@EVAL[expression[=displayformat]]: Evaluates a mathematical expression and returns its value in the format specified by displayformat or in the default format. Parameter Interpretation below describes what expression may contain. Display precision and output format below explains the result format.
The expression can contain environment variables and other variable functions, and may use any of the operators listed below. @EVAL also supports parentheses (to control evaluation order), commas, hexadecimals and decimal separators. Parentheses can be nested. @EVAL will strip leading and trailing zeros from the result unless you use the output formatting operators.
@EVAL supports very large numbers. The maximum size is 30,000 digits (15,000 digits to the left of the decimal point and 15,000 decimal places). If you want to use more than the default decimal values you'll need to change your @Eval Precision configuration options or use the "=x.y" format in @EVAL. The integer-only operators (AND, OR, and XOR) are limited to 64-bit integers.
Expression may contain environment and internal variables, array variables, and variable functions. After all variables and functions have been expanded, it must be composed only of numeric strings and names of functions in Trigonometric and transcendental functions or Other functions, connected by Arithmetic operators and optionally grouped with parentheses.
@EVAL permits you to simplify expression by dropping the % percent mark in front of the names of environment variables. This also prevents the TCC parser from expanding (possibly erroneously) variables before passing them to @EVAL. You must include % for internal variables and variable functions. @EVAL also permits you to use characters which normally have special meaning for TCC e.g., & < > ^ | without disabling their special meaning or quoting them.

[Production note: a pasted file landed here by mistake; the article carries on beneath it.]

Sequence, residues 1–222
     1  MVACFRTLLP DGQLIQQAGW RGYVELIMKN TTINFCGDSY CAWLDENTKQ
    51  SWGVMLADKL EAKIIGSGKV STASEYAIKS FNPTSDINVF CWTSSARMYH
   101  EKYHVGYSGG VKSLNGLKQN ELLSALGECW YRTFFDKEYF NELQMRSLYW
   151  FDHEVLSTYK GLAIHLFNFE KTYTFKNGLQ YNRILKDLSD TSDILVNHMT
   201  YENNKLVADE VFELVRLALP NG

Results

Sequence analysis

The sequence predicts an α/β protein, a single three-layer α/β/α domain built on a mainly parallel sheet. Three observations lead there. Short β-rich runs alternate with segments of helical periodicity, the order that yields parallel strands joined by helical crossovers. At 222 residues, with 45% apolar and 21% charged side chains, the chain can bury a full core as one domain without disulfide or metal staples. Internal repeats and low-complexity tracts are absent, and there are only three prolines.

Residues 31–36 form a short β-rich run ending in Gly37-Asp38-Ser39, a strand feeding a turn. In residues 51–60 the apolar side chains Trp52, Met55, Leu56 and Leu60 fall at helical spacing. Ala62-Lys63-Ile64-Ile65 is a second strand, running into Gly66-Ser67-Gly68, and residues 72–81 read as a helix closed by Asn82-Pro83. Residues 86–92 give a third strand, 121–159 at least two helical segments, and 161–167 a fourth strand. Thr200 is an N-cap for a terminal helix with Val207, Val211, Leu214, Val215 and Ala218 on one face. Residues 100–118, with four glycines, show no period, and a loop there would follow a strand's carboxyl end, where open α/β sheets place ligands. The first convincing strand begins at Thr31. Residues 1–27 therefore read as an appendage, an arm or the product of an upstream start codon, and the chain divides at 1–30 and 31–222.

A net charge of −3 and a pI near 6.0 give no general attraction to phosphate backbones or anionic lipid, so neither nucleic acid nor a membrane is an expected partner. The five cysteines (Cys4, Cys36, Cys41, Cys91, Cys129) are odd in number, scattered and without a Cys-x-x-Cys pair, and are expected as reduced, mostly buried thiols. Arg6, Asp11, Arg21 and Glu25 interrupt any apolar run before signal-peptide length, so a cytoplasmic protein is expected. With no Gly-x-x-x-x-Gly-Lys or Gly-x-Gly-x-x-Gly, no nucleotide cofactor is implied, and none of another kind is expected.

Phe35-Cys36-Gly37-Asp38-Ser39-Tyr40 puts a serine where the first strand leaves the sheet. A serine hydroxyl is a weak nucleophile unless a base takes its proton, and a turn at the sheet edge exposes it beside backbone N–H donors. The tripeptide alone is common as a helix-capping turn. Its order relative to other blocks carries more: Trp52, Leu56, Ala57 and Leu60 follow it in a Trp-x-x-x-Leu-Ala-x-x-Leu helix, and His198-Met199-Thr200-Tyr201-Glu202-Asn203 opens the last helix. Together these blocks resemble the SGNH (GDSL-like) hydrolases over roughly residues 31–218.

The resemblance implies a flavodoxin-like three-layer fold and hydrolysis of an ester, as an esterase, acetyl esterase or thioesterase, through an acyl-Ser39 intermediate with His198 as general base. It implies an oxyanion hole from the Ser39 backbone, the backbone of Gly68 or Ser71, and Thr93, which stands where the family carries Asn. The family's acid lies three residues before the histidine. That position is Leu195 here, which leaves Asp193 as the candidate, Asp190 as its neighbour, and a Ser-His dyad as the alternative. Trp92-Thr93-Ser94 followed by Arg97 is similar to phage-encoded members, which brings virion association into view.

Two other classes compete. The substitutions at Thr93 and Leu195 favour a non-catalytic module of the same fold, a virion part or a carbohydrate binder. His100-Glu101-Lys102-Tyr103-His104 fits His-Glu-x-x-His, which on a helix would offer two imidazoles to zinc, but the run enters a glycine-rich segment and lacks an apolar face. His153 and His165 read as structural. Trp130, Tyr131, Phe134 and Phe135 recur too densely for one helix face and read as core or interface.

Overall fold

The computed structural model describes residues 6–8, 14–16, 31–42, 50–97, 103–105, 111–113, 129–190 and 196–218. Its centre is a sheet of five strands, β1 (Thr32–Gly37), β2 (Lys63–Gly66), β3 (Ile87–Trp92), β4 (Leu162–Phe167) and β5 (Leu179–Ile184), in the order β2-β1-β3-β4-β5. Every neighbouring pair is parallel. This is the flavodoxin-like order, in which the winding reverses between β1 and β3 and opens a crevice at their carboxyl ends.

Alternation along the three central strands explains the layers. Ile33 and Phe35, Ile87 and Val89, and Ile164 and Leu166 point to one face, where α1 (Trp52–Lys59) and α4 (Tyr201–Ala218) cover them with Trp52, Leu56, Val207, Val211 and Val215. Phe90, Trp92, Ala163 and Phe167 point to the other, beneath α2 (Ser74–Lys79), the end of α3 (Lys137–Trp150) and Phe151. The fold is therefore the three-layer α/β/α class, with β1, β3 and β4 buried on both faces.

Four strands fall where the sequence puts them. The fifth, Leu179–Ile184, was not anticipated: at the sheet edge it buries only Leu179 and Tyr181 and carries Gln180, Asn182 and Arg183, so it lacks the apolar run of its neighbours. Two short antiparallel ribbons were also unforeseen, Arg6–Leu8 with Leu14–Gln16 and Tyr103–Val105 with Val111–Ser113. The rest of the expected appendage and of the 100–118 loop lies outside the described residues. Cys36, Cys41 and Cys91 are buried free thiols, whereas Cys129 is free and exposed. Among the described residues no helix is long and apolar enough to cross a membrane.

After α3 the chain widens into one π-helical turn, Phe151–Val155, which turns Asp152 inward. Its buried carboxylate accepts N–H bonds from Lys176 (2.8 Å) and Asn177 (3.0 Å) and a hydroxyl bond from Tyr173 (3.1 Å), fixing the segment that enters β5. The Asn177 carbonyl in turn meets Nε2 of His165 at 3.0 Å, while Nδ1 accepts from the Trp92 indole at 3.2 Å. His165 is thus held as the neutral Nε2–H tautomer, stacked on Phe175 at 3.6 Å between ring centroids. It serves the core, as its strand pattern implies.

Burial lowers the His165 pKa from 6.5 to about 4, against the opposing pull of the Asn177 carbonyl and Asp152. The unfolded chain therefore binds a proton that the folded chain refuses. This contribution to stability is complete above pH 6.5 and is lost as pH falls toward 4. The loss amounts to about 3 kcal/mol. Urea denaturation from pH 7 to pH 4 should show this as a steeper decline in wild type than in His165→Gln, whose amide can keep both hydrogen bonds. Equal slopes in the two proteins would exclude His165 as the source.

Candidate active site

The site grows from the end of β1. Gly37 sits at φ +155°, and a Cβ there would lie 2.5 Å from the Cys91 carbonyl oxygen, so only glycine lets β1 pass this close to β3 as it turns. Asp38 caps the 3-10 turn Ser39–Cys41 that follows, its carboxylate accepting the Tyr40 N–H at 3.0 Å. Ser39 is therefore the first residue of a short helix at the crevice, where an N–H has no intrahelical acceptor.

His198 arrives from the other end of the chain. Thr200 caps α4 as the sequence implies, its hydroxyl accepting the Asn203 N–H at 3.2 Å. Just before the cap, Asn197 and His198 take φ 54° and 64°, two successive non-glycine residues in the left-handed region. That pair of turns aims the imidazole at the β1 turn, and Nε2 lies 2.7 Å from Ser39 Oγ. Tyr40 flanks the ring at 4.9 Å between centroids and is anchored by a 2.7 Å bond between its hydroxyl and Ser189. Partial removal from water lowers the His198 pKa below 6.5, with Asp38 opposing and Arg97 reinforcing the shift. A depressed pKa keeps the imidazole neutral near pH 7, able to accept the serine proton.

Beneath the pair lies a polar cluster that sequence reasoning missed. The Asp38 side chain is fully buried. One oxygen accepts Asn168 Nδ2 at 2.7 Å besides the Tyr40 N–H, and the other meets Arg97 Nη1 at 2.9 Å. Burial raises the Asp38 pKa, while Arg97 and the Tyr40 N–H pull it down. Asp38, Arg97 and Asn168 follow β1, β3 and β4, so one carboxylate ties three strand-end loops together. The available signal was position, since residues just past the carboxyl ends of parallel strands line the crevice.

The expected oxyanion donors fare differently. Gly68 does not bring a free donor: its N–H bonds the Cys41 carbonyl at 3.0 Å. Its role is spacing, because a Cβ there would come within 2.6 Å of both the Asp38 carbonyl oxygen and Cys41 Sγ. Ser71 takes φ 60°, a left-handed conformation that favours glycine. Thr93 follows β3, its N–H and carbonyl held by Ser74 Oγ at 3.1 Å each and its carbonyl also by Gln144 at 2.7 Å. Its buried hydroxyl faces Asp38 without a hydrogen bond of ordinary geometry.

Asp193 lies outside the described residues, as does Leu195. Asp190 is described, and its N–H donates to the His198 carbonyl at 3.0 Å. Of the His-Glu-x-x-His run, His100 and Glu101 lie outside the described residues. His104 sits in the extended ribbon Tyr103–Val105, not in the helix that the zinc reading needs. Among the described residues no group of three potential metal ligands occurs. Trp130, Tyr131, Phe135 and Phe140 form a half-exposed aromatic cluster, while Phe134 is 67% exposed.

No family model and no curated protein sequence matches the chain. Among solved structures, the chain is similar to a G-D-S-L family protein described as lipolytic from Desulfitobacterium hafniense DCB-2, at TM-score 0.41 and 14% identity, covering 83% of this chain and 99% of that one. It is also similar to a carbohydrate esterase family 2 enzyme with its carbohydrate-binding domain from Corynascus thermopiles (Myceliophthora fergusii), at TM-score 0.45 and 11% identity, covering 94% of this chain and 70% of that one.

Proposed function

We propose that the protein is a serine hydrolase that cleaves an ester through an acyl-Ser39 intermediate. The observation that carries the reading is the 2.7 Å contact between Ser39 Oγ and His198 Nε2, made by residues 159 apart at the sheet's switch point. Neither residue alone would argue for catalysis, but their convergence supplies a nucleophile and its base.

Note: To ensure that expression is interpreted correctly, spaces should be placed on both sides of each operator, and parentheses used liberally. For example:
%@eval[(20 %% 3) + 4]
%@eval[12 and 65]
@EVAL accepts numbers in the scientific notation exponent syntax; i.e. 1575e-2 = 15.75. You can specify scientific notation output with the syntax @eval[...=E]. For example:
You can combine =E with a display precision (see below):
If a string starts with the characters 0x it is interpreted as an integer in hexadecimal notation. If a string starts with the characters 0b it is interpreted as an integer in binary notation. Any other numeric string is considered to be a decimal number.
[c:\] echo %@eval[0x10 + 16]
You can specify hexadecimal output with the special syntax @eval[...=H]. For example:
will output 12 (hex). No leading 0x is included in the output. To convert between decimal and hexadecimal formats, see the @CONVERT function.
You can specify binary output with the special syntax @eval[...=B]. For example:
Hex and binary output is limited to 64-bit (signed) integers.
Every operator accepts both integer and non-integer parameters, except as noted below.
Operators accepting fractional parameters
|+||(with one parameter) sign of numeric parameter (e.g. +3)|
|+||(with two parameters) addition|
|-||(with one parameter) negation of symbolic parameter (e.g., -n) or sign of numeric parameter (e.g. -1, +3)|
|-||(with two parameters) subtraction|
Operators requiring integer parameters